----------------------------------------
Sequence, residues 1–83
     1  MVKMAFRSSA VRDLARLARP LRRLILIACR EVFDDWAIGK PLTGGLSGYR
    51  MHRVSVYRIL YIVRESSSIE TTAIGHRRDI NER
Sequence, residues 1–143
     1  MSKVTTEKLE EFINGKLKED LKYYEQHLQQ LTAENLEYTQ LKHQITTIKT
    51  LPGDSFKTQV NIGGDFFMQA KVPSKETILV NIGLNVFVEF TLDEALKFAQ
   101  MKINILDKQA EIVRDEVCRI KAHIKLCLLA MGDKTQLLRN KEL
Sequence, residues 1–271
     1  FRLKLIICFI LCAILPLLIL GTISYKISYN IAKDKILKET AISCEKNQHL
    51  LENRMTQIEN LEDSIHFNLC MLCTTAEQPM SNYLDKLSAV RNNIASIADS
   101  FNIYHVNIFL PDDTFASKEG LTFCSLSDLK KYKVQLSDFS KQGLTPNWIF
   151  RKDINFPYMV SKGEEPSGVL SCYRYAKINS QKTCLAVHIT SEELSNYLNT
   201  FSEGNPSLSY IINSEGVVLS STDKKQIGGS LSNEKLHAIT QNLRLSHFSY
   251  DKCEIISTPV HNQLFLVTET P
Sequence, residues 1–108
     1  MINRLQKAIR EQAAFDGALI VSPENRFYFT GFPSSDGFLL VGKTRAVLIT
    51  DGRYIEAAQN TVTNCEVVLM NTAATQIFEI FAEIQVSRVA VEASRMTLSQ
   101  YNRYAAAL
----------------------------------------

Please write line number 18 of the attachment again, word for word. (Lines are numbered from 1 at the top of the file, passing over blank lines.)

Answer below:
   101  YNRYAAAL